Two interesting things for science geeks. Andrew Gelman writes about the problems with psychological studies and what the data might mean on his blog. The particular study is about men's upper-body strength and how that supposedly affects men's political views in three countries.
It sounds like an evolutionary psychology take, doesn't it? I've often thought that the problem with some ep studies is a lack of training in how to look for alternative explanations. If your framework is upper-body strength, then you jump from that to various fuzzy measurements of biceps and so on you may sorta forget that there is a large group of researchers out there who spend their lives studying the variables which are most commonly correlated with political views, and you might also not realize that things such as biceps circumference might correlate with some of those variables (such as age, say, as Gelman notes).
And you might also fail to think about how any exaggerations in self-reports of biceps size could correlate with political views, given that certain parties are based on the Strong Daddy or Brusque Masculinity ideals for men. Finally, biceps size is something one can change by working out. In general women are not urged to enlarge their biceps but men are, and it may well be the case that the message works more on those men who hold certain political views.
Gelman's general points are also about the problems that I fairly often see in these types of studies: The unavailability of simple descriptive data on the sample, and the feeling I get that there's been some data fishing going on. The latter doesn't mean intentional falsification or anything of the sort, but if a researcher begins with a particular framework it can be difficult not to view certain findings as important and others as OK to omit.
The second interesting study concerns self-control and behavior in children. I have not looked at the actual study, but it might be worth a closer look. This is because the researchers found larger gender differences in the US than in three Asian countries:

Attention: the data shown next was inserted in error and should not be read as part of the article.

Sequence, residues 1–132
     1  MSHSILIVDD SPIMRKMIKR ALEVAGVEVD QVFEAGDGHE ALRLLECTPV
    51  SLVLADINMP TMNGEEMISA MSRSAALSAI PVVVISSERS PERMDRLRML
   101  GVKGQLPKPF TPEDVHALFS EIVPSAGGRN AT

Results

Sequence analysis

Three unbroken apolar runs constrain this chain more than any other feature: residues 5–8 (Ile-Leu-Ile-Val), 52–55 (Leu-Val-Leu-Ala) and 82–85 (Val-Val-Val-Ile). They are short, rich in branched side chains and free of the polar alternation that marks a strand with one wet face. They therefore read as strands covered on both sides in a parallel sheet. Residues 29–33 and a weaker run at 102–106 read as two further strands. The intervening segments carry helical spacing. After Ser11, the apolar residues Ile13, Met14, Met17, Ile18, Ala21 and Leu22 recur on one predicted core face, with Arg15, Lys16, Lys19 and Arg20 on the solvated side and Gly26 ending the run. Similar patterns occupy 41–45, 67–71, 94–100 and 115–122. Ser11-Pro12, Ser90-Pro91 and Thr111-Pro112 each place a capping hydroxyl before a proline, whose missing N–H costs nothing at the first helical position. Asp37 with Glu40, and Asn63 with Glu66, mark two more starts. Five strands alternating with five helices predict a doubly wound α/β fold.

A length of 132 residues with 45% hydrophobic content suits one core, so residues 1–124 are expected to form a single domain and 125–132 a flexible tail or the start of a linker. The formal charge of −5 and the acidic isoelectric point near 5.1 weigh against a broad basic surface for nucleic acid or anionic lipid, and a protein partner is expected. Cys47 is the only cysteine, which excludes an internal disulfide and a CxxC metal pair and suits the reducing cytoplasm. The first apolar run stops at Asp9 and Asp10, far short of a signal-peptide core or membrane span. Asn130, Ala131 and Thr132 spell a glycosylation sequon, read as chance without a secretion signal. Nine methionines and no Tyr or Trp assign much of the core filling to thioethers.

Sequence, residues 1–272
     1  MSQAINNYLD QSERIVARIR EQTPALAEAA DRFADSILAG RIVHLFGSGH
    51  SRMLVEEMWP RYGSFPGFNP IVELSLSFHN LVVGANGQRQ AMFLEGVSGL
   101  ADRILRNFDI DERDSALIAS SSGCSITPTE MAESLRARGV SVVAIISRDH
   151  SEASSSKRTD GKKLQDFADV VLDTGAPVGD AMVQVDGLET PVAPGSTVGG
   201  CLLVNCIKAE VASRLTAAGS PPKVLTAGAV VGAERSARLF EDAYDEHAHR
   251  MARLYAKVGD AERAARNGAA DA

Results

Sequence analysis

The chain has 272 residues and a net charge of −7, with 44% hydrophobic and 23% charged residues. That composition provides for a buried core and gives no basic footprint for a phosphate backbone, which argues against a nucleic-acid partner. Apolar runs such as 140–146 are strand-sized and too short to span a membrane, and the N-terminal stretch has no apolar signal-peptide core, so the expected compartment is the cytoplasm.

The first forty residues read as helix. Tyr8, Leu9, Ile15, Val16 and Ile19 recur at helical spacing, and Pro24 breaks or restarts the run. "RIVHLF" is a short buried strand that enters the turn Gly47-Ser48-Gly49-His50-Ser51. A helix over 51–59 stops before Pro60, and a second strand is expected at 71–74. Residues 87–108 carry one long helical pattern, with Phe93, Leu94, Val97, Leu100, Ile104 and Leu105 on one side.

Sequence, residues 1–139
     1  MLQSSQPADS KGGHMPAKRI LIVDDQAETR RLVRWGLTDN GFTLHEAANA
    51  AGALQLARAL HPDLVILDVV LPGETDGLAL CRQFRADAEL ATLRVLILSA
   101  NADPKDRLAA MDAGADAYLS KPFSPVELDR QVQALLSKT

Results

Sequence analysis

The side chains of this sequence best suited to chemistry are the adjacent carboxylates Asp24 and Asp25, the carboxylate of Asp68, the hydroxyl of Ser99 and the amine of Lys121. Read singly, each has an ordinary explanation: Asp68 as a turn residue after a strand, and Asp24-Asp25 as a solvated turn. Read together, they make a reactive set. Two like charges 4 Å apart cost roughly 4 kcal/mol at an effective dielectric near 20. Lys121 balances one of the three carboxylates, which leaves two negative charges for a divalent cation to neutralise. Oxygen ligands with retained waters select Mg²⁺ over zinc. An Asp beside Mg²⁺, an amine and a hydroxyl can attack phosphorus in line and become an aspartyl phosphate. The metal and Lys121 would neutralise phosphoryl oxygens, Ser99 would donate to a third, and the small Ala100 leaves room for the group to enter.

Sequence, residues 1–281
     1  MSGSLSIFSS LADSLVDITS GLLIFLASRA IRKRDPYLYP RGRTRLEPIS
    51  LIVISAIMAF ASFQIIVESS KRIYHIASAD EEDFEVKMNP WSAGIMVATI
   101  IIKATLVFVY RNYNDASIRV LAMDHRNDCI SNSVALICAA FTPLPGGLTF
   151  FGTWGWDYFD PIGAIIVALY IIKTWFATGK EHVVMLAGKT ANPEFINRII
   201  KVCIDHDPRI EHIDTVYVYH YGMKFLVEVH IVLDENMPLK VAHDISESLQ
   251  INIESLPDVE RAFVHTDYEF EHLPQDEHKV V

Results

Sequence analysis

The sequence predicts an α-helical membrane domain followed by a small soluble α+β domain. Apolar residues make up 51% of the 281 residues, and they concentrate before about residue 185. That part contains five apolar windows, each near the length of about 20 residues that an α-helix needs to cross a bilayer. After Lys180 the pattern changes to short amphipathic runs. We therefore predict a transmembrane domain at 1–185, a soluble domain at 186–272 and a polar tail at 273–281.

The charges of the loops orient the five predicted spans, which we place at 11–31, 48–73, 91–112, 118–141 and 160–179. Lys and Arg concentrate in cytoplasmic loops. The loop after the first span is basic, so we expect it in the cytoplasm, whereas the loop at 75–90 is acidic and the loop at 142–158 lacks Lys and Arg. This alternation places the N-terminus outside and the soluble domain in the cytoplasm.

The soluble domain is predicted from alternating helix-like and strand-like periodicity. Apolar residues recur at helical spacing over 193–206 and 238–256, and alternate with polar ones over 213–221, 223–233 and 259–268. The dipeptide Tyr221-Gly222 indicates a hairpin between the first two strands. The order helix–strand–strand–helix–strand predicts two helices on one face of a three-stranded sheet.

A new study shows there is a gender gap when it comes to behavior and self-control in American young children -- one that does not appear to exist in children in Asia.Something cultural appears to be going on here. The overall results are more complicated (read the link), but they do remind us that behavior can be affected by societal norms and upbringing.
In the United States, girls had higher levels of self-regulation than boys. Self-regulation is defined as children's ability to control their behavior and impulses, follow directions, and persist on a task. It has been linked to academic performance and college completion, in past studies by Oregon State University researchers.
In three Asian countries, the gender gap in the United States was not found when researchers directly assessed the self-regulation of 3-6 year olds. The results appear in the new issue of the journal Early Childhood Research Quarterly.
"These findings suggest that although we often expect girls to be more self-regulated than boys, this may not be the case for Asian children," said Shannon Wanless, lead author of the study.
If the findings hold, they might offer a different way of looking into ways to improve boys' school performance. The next step in following that embryo theory would be to look at the gender statistics on school completion etc. in those three Asian countries, China, Taiwan and South Korea.
And here are the promised strawberries: